Then, near the end of my time in college (around 1995), I began reading The Wheel of Time, which I loved. After college, I read each new WoT book when it came out, and I recently re-read the entire series (up to book 12), and then read book 13 for the first time.

 

Anyway, that's just about the extent of my reading in the fantasy genre, and really I have read almost nothing in that genre since college, with the major exception of The Wheel of Time. So I am sure that there is a lot of great fantasy that I haven't read.

 

Based on what I have read about various fantasy authors and books here and there on the internet, and also based on browsing around at my local bookstore, I have considered possibly reading something by one or more of the following authors:

  • Terry Brooks
  • Terry Pratchett
  • Patrick Rothfuss
  • George R. R. Martin
  • Raymond Feist
  • Tim Powers

Here are some of the things that I am looking for in a fantasy book:

  • The magic should be "white magic" (i.e., a natural part of the world) rather than "black magic" (e.g., spells and incantations).
  • I want the world to feel real, not dream-like or two-dimensional. (The world of The Wheel of Time is a perfect example of a fantasy world that feels very real.)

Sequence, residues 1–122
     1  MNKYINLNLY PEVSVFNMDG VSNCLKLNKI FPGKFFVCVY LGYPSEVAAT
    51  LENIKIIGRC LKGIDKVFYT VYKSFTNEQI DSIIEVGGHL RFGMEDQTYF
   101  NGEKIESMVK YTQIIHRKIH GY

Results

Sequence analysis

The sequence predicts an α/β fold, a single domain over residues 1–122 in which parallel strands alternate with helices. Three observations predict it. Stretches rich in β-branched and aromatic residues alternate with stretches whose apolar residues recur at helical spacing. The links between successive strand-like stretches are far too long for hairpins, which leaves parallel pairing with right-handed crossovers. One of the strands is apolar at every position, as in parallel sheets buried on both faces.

• I don't want anything R-rated -- no sex scenes or graphic descriptions of violence. I say this partly because I just don't want to read that stuff, and partly because I know that if these books sit on my bookshelf, my kids may pull them out and read them some day. (I have no major complaints about The Wheel of Time in terms of sex and violence, but anything that goes beyond where The Wheel of Time goes on these topics, I would rather avoid.)
  • I don't mind if the individual book or books are long. But I don't want to start reading another series anywhere near the length of the Wheel of Time (i.e., 14 very long books!), nor do I want to start reading a series that is not yet finished. A trilogy that is already completed would be just about right.
  • I want a series where the difference between good and evil is truly recognized -- where it is clear that values such as loyalty, mercy, honor, love of family, courage, etc. are to be strived for. But that doesn't mean that the good guys have to be 100% good, 100% of the time (because that wouldn't be very realistic).

Now, I have no idea whether or not the authors on the first list above fulfill all of the things I'm looking for on the second list above, but I'm hoping that maybe some of you can give me some good recommendations, either from my list of authors or not.

 

Thanks for taking the time to read all this, and thanks in advance for any recommendations.

Edited by Paul H